thread and the FAQ topic about it at the Firebird website). If a
GeneratorLink is set, it fires only when the object's Insert() method is
called. If you have already eliminated the problem of "double-firing" by
writing a safe Before Insert trigger for the table, then the double-firing
is happening because you are calling Insert() more than once.

>I also make use of the AfterAction event on the IB_UpdateBar. I check if the
>post button was click, if true, I call Refresh() on the IB_Query. However, I
>am obviously doing this the wrong way, since the next time the user adds a
>record, the value of the Generator has been increased, not by one, but by

This might also have to do with some kind of unintentional double action in
your application. Refresh() can't fire a generator, per se. However, if
the dataset is commanding a selectable stored procedure that itself fires
the generator, then you have to redesign it. SSPs should never change
database state (even though it is technically possible for them to do so) -
render unto Caesar that which is Caesar's. Create and call executable
procedures to change database state.

Another thing it's necessary to understand about generators is that you
must not rely on them to maintain number series with no gaps. Once a
generator generates a value, it is "gone", whether the transaction that
acquired it is committed or rolled back; and even while the transaction is
neither committed or rolled back. This is "as designed". It guarantees
that every generated number will be unique, regardless of the outcome of
any particular transaction.

If you need to maintain a series and you want to use a generator for it,
you can, but the operative word here is "maintain". You have to devise an
ecosystem of triggers and table structures explicitly for each
series. (There are some TI sheets on this topic on IBO's TechInfo page..)

>I have set the IB_Query property RequestLive to false, and the RefreshAction
>to raKeepDataPos.

These are client-side characteristics. They don't affect database state.

Just picking up an example you provided earlier "...such as trying to set a
parameter before adding the SQL to the IB_Query or IB_Cursor for
example...", this is one place where your policy of reusing instantiated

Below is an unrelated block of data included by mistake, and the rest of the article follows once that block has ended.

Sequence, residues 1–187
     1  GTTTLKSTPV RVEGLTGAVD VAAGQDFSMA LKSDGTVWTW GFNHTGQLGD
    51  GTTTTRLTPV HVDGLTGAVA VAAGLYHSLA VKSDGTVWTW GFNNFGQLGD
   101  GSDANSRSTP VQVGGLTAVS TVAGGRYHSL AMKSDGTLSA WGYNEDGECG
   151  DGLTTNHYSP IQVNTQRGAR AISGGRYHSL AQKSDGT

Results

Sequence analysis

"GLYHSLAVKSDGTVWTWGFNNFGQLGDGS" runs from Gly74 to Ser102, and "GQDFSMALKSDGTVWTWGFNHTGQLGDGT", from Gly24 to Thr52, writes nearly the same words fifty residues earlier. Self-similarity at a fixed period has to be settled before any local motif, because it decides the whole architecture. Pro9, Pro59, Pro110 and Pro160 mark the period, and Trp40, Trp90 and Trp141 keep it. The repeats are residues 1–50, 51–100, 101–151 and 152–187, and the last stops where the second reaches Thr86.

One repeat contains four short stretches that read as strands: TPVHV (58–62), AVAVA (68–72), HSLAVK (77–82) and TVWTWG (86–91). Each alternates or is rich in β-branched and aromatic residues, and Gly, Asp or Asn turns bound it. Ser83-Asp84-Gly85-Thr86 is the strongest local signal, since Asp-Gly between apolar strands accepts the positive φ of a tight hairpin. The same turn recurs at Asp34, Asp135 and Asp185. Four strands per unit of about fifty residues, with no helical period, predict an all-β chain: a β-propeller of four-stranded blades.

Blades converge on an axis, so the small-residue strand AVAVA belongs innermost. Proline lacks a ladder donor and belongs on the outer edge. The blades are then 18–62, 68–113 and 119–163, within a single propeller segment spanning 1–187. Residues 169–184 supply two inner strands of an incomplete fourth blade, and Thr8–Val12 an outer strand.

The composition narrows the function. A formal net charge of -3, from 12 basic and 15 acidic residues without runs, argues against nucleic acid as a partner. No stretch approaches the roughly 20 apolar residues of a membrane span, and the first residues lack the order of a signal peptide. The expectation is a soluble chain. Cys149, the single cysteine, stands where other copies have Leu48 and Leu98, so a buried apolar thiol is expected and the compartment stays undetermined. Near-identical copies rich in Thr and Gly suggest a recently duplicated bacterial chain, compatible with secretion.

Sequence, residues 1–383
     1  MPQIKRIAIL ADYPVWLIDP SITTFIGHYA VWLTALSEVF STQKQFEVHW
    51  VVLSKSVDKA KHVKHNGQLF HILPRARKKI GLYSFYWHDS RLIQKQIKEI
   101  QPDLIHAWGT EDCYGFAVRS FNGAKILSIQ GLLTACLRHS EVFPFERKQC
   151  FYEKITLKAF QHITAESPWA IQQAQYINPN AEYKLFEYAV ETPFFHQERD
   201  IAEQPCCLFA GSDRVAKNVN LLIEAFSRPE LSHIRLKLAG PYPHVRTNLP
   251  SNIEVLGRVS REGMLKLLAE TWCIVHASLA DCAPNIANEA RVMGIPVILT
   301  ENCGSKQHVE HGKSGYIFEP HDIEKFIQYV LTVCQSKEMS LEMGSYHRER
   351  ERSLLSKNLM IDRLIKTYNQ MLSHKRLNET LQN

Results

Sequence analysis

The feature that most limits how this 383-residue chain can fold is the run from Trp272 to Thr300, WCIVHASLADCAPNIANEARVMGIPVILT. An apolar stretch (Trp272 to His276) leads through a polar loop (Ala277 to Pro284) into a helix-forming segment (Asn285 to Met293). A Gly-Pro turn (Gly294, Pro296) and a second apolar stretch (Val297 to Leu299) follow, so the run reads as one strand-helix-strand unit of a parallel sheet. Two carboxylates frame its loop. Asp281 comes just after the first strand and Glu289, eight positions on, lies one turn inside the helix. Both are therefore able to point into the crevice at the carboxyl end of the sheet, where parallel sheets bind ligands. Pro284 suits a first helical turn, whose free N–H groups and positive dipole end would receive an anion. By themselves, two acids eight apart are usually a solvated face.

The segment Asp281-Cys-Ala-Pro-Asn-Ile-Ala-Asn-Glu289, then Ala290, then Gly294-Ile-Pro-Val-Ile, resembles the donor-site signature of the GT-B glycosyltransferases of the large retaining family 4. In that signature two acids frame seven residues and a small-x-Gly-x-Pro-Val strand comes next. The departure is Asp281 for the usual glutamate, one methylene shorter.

objects works against performance. If you have a task that requires to do
the same thing repeatedly throughout a user session, using the same data,
where only the search criteria will vary, then it makes no sense at all to
re-use the object.

If you set this object up in the IDE, that dataset need only be prepared
once in the whole session. Preparing is essential but it is also
costly. The prepared state of a dataset will survive commits, refreshes,
closes and opens if you don't do stuff that forces it to be unprepared.

Escape from the belief that instantiating objects in the IDE is in some way
"not OO". It is highly OO. It guarantees that, wherever an object
instance is re-used, the re-use will engage the minimum amount of resource.
It makes the exposed members of the class totally visible to you at design
time and, in the usual case where an application needs to do the same task
repeatedly, it saves enormously on performance, in terms of both code
cycles and network traffic, provided you use the objects as they were
designed to be used.

Obviously, continually churning the contents of a dataset object will force
this costly Unprepare/Prepare cycle to occur every time. Your
pail-scrubbing approach gains you nothing and loses you much. Apart from
introducing the risk of something failing due to dataset state at the time
your application needs the pail, you force a complete removal and
reconstruction of every structure inside the object.

On the other hand, if you keep the object instance persistent, by never
changing the SQL property and by using replaceable parameters for the
search criteria, then all you need to do for each different set of search
values is apply them to the already-prepared Params[] object. Dataset
state is totally predictable at each possible challenge point. The dataset
does exactly and only what it needs to do. And the code is minimal.